m e l a n i e    p a g e

The Big Tent


In preparation for commencement weekend, the all-women’s college puts up a prestigious white tent in the open lawn area, a beautiful outdoor ceremony. The workers raise poles and nail stakes into the ground. They heft the rough canvas material, speak, laugh together. They drink water from the coffee cups they used in the morning.

The young women watch with their legs pointed sun-ward, lie in the grass, roll around like chinchillas, ignore their books and each other, texting friends from Biology or Art History, boys at other schools, parents across the country. When they try to speak, their mouths open and out come gurgling sounds: “gaaaagh,” they say, out of practice with their lips and tongues.

As the top of the tent gets higher, the poles stretch further, the stakes are hammered deeper. The tent shades the women’s bodies, and they inch back to the sunny spots, pushing buttons with one thumb and pulling blankets or towels with the other hand. But the tent covers the whole lawn; its shadow stretches to the library, the science building; they nail more stakes, it covers the music building and finally the sign welcoming visitors and new students with their families that points toward the administration building. When the sun sets the tent blocks out the city lights and the moon. The young students have never seen anything like this--in fact, they cannot see at all, so the opposite must be true; it is like deep sleep. But they don’t want to turn on the lights and spoil the adventure. Never before have they walked around using only sound and touch, resulting in bumps and laughter.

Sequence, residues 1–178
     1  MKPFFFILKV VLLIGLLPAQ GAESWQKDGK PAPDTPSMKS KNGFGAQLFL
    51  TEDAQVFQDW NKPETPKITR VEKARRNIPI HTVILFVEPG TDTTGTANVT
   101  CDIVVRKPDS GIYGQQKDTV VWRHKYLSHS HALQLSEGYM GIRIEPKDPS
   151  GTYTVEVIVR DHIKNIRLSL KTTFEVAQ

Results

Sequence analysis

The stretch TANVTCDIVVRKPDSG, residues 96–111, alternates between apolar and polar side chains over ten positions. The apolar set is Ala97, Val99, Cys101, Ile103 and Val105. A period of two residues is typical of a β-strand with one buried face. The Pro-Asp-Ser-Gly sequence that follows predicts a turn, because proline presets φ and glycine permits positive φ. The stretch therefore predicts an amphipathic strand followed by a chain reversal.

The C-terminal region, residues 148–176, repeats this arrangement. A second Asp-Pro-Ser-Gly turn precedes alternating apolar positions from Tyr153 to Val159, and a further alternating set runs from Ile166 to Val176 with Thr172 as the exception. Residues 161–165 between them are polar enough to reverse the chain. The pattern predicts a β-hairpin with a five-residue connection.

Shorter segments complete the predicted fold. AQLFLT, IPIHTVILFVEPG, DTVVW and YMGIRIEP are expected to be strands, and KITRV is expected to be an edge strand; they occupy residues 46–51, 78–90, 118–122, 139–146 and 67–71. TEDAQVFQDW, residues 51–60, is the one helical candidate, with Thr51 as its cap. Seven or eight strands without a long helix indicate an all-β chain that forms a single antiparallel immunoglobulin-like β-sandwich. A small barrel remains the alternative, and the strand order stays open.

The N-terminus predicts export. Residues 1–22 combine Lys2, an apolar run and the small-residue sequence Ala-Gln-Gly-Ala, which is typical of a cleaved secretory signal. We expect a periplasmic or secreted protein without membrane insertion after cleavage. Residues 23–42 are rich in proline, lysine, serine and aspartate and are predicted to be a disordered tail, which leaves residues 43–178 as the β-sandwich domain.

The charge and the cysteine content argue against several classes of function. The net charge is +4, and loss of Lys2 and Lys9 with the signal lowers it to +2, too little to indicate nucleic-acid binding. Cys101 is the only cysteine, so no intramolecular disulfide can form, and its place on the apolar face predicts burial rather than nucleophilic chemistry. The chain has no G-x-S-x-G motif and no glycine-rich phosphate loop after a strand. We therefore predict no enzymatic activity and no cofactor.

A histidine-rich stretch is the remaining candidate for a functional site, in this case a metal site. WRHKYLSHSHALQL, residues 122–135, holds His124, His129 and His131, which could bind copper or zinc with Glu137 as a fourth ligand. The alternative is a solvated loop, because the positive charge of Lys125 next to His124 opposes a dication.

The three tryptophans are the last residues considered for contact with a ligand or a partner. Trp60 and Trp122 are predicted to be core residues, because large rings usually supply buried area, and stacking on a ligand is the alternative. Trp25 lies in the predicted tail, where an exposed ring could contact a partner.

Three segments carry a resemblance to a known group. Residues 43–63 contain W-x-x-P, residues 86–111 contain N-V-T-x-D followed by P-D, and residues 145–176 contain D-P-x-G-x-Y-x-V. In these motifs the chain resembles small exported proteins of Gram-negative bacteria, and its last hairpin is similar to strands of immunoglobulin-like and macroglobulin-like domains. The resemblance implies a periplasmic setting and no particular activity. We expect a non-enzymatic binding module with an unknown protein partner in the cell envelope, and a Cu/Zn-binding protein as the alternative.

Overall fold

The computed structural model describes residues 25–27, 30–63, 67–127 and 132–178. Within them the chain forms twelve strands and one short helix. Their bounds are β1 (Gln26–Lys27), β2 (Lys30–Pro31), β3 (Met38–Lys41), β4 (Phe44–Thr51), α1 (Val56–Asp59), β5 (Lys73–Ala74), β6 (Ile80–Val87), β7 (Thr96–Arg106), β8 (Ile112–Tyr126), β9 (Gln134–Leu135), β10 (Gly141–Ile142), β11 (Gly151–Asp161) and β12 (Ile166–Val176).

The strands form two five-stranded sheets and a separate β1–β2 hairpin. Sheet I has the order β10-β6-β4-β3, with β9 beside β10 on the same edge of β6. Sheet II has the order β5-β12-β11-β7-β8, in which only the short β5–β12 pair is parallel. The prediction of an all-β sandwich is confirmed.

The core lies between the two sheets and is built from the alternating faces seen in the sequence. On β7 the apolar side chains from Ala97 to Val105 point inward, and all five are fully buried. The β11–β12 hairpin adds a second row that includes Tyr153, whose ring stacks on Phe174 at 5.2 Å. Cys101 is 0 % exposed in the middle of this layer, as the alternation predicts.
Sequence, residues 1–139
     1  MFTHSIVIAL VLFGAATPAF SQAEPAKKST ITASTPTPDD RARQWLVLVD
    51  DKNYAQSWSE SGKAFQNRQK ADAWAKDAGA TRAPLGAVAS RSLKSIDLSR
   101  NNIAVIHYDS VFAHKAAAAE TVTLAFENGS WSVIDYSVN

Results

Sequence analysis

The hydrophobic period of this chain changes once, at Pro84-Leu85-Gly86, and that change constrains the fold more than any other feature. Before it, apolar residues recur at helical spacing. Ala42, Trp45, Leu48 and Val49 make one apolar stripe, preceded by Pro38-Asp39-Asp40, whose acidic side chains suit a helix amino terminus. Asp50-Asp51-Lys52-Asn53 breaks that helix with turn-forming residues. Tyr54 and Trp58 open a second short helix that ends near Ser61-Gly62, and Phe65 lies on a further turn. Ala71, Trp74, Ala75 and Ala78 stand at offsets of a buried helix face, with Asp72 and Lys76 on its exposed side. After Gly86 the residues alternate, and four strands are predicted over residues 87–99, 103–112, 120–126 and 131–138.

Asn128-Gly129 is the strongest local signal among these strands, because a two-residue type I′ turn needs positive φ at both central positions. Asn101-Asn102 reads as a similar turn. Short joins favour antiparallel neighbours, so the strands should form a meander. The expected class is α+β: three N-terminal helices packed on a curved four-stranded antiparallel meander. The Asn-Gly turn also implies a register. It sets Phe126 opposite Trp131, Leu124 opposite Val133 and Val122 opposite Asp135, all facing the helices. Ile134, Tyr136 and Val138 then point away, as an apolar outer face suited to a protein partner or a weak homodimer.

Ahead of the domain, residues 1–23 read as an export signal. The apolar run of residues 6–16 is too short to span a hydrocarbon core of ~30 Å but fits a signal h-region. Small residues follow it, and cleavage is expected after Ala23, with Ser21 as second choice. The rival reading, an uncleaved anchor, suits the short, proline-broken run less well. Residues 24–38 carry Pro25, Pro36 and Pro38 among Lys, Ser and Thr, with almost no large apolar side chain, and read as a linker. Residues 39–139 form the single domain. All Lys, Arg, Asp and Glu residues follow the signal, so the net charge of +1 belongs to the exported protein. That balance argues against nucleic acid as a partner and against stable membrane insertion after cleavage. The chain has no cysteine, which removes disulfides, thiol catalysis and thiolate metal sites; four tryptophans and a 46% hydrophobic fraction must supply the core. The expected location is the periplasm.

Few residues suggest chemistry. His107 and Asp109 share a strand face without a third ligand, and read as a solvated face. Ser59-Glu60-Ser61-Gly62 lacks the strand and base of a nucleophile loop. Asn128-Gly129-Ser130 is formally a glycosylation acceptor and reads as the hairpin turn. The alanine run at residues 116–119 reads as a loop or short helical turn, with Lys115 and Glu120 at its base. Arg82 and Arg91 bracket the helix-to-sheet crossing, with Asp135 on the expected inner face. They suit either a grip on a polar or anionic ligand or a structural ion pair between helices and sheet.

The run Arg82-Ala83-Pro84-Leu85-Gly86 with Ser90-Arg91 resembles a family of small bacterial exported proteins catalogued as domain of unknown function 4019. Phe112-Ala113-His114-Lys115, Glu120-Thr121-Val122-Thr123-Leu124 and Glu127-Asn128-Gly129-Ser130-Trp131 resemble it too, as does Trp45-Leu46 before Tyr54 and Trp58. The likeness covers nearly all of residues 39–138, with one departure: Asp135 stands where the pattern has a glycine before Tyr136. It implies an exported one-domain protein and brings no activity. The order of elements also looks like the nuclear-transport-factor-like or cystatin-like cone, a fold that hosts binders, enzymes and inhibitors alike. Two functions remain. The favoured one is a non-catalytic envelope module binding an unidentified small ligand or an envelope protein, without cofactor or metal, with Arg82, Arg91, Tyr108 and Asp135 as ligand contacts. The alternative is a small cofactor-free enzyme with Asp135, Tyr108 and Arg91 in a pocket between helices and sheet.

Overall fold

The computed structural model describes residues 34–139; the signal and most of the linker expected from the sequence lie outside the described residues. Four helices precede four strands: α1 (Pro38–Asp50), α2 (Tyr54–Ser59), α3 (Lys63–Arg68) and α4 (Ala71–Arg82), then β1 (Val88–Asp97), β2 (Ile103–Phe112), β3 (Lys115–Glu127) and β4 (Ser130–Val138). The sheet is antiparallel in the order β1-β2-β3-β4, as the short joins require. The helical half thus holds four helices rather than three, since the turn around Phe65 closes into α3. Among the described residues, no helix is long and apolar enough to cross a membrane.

The women play a game where they can’t speak using phones, so they send messages with their music players, turning up the volume so a woman in another building could hear the message if she leaned out her window. “Pardon me while I burst,” says Martha, who has her period and is not happy about it. There is pop music and Christmas carols, country twang on fuzzy speakers and hits of the 90s. The music clashes and women turn their volume dials up and up. Some put pillows to their ears and others plug in extension cords. They can’t tell if it’s night or day and the tent is so big. Class doesn’t exist anymore—they could be tardy or on summer break, but they continue to sing their lives, radio waves expanding from their hearts out into the air.



MELANIE PAGE is a graduate of the MFA program at the University of Notre Dame who grew up on a Native American reservation in Central Michigan. Her fiction has been published in over a dozen magazines, and she enjoys writing book reviews solicited from magazines such as The American Book Review and The Notre Dame Review. She has presented a literary scholarship paper at the &NOW Festival of Innovative Writing. Also, she has edited two books, a mystery novel entitled New America, and the book-in-progress, The Buddha Pill. Page currently teaches literature at Saint Mary’s College in Indiana.

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